Re: [NTLK] No New Newt [OT]

From: Ed Kummel <>
Date: Thu Jan 17 2008 - 18:11:38 EST

I agree with your statements, but why is that any different to what happens today with *ANY* laptop?
  When I go *somewhere* that has wireless, I instantly connect with whatever wireless network happens to be there that I can connect to. If there is no wireless network, my laptop's bluetooth connectivity connects with my Windows Mobile phone and I use the 3g network to connect to the internet at blazing speeds! (no edge limitation here!) All seamlessly and completly invisible! I don't have to touch my phone or make any adjustments to my laptop, the only indication to my network connectivity type is the icon on my laptop's taskbar changes color!
  As for connectivity to peripherals? Sure...that's not a problem either! I have multiple laptops and desktops at my home and none (except for the servers) are wired (unless I have huge files I need to's nice having a Gig-e network!). I also have multiple printers in the house, one on each floor and in some rooms. Based on the area of the house you are in, when you print, it will print to the nearest printer (that was tough to setup, but it works quite well with multiple access points in the house...)
  If you are on my network, or using VPN, you have access to my RAIDed NAS that has a home directory for all registered users and contains the settings for them as well. This is managed by my AD server. Plus, the family calendar is accessible from within the VPN on a Sharepoint server. Attached to my RAID is a CD-DVD/RW which is also mounted when you connect to the network. Daily backups are performed remotely on your computer and are then copied over to the NAS when you connect to the network...but only when your computer has been idle for more than 3 minutes...
  All this is completly seamless to the user...In fact, because I use roaming registries, anyone can log into any machine and all their settings and files will follow them.
  So yeah...Apple's idea is nice..but it's a bit of "been there, done that".
  Again, Apple takes an already been used idea, repackages it into a nice sleek package and calls it "new technology". In fact, what Apple is proposing is something that I have been doing in almost every job I've had since 2001! I'm not impressed.
  web/gadget guru (download Newton packages)
Norman Palardy <> wrote:
I got this reply about a similar post on another list.
It's a reasonable anwwer to "What the hell is Apple thinking"

Seems to me that the concepts included in the Air are more important
than the machine itself. This may be the introduction to a new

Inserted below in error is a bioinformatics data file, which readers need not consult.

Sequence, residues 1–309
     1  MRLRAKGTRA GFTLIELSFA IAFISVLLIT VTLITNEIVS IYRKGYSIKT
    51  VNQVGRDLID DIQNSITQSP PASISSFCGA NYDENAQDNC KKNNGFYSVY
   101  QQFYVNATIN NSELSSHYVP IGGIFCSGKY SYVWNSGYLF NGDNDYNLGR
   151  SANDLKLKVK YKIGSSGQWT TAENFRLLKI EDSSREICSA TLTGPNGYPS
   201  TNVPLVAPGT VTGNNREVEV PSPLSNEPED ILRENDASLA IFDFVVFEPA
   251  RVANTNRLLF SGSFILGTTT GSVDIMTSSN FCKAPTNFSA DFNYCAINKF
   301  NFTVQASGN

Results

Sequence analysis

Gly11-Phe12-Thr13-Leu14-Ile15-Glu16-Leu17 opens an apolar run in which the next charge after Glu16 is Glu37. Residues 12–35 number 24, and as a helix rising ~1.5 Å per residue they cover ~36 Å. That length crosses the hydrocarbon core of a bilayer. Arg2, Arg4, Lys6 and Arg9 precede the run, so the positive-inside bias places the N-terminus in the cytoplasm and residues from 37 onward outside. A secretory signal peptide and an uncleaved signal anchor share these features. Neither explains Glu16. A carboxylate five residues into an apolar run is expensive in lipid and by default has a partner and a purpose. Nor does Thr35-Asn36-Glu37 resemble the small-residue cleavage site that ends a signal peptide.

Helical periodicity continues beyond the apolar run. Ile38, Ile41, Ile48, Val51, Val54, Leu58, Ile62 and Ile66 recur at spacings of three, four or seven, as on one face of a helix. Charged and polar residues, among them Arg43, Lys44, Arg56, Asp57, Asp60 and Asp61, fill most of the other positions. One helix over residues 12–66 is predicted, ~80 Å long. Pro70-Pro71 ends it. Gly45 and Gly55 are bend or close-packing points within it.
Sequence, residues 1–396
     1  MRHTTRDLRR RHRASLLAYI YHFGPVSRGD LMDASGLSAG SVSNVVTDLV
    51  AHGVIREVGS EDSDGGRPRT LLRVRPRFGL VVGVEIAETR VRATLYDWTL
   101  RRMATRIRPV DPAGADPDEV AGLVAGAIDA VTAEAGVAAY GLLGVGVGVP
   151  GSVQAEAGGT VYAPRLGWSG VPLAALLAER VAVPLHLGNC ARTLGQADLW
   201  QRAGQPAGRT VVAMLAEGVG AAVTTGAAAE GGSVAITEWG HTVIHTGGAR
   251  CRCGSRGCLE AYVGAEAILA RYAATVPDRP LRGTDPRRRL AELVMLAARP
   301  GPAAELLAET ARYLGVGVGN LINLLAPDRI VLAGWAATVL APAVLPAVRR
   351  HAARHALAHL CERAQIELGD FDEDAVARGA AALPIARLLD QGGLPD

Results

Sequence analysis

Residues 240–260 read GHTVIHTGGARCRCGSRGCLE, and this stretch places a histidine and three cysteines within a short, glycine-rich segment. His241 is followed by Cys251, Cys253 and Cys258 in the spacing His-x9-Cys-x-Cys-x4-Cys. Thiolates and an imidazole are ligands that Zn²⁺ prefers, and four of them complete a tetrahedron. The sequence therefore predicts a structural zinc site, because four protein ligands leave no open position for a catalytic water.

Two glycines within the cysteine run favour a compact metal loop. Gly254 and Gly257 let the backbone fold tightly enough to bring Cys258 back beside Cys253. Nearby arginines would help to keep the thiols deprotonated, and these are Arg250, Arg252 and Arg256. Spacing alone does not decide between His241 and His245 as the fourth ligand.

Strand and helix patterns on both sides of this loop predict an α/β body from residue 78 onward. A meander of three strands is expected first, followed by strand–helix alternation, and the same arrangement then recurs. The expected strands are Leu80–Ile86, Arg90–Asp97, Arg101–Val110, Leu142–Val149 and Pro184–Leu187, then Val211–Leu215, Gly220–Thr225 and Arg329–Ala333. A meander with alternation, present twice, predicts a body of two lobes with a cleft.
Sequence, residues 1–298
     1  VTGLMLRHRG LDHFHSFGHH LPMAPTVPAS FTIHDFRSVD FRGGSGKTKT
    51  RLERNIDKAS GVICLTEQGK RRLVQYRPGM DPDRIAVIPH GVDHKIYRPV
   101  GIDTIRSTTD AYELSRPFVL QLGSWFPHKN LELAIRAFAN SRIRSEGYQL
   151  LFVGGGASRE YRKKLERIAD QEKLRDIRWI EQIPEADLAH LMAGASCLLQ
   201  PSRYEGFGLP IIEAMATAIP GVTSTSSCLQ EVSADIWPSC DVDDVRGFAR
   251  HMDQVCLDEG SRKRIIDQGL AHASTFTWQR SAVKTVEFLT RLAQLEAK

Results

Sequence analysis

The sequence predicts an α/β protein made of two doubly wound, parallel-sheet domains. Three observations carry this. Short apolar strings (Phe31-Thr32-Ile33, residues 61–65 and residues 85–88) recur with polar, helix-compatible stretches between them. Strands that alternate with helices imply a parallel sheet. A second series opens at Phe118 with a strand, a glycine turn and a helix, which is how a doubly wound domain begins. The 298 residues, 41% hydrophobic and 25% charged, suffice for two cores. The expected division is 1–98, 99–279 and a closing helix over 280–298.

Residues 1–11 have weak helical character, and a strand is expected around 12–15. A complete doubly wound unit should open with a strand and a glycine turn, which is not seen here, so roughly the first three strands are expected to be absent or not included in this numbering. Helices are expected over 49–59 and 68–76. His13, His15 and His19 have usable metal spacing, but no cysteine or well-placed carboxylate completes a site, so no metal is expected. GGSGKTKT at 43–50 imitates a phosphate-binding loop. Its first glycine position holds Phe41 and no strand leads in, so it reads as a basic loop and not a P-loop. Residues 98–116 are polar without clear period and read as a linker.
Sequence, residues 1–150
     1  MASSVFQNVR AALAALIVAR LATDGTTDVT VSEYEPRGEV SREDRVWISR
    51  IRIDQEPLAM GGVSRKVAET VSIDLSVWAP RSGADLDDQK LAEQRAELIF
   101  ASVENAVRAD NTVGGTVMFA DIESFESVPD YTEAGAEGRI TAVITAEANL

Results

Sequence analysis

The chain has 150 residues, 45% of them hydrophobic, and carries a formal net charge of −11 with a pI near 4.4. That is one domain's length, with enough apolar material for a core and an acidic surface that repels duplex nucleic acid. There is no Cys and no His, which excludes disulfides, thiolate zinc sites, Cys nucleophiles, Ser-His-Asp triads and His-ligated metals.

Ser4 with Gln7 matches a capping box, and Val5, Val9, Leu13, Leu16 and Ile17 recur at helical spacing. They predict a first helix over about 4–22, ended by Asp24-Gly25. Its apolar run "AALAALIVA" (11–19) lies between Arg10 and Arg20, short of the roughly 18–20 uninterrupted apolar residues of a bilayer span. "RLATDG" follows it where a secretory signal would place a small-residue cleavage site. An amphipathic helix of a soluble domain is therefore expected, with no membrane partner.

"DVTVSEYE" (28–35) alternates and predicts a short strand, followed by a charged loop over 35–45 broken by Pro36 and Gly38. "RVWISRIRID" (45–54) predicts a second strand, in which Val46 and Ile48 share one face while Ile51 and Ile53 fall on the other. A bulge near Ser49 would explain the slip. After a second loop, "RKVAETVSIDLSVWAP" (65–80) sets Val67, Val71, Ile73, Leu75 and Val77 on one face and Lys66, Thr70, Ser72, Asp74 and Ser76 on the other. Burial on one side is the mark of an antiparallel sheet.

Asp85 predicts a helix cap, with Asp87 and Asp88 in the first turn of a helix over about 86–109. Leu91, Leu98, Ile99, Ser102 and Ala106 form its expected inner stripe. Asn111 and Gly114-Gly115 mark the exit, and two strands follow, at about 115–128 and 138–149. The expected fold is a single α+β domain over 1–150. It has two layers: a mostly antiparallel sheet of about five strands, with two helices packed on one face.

orientation in computing. It would not surprise me if Apple does not
expect to sell many of these but rather wants to see how the public

Look at what is presented in the Air:

--What people are going to end up amounts to a wireless laptop
dock. You set your Air down on your desk, and it wirelessly connects
to the peripherals around it: the CD-DVD drive, the external HD, the
router, the printer, the other computers on the network, and so on.
I think this will catch on. Within a couple of years people will
expect this. Plugging something into something else will be a thing
of the past.

I think also that within not very long, places like Kinkos and
Staples and maybe even Starbucks will have stations with all the
peripherals at them. You bring your Air in and set it down and they
all connect.

I think also, that this fosters a new idea about what constitutes a
network. Now people think of the home network and their office
network. They see them as things grounded in space. I think people
are going to start getting more used to the idea of temporary
networks that form spontaneously and ephemerally.

You go into a coffee shop or a college student lounge and you not
only automatically get access to the WiFi signal, you join the social
network going on in the room, much the way people go see what's going
on at a chat room or a social media site. People will probably
expect this to happen also at events. A political demonstration is
one obvious example, but it seems to me that it will happen at just
about any gathering of a large number of people.

Or in a work setting, I can picture a project going on in a
conference room or something and people coming and going, bringing
their computers and joining the network in the room to collaborate in
the project. Over the course of a day, perhaps all the participants
change, but the network and the project keeps operating as people
join and leave.

--Doesn't open. Until now, people thought of computers as a
collection of parts. Want to upgrade? Fine. Take something out and
put something else in. The Air breaks with that. Computer users
don't open the case. It's more the way people relate to phones or a
disposable lighters. It works or it doesn't. When it stops working,
you throw it away and get another one.

--Touch pad capabilities. Until now, touch pads did a few tricks
besides moving a cursor around, but they were considered tricks. Now
they are considered capabilities. One does not expect to find a
touch pad that only moves the cursor any more than they would expect
to find a new, one-button mouse. The Air makes this attitude
official. Within a very short time, Apple keyboards for desktops
will probably include touch pads. The mouse may be on the way out.

--Solid state memory. Within a few years, having a disc spin will
be as out of date as spinning an LP.

Other features fit this same pattern.

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Received on Thu Jan 17 18:12:03 2008

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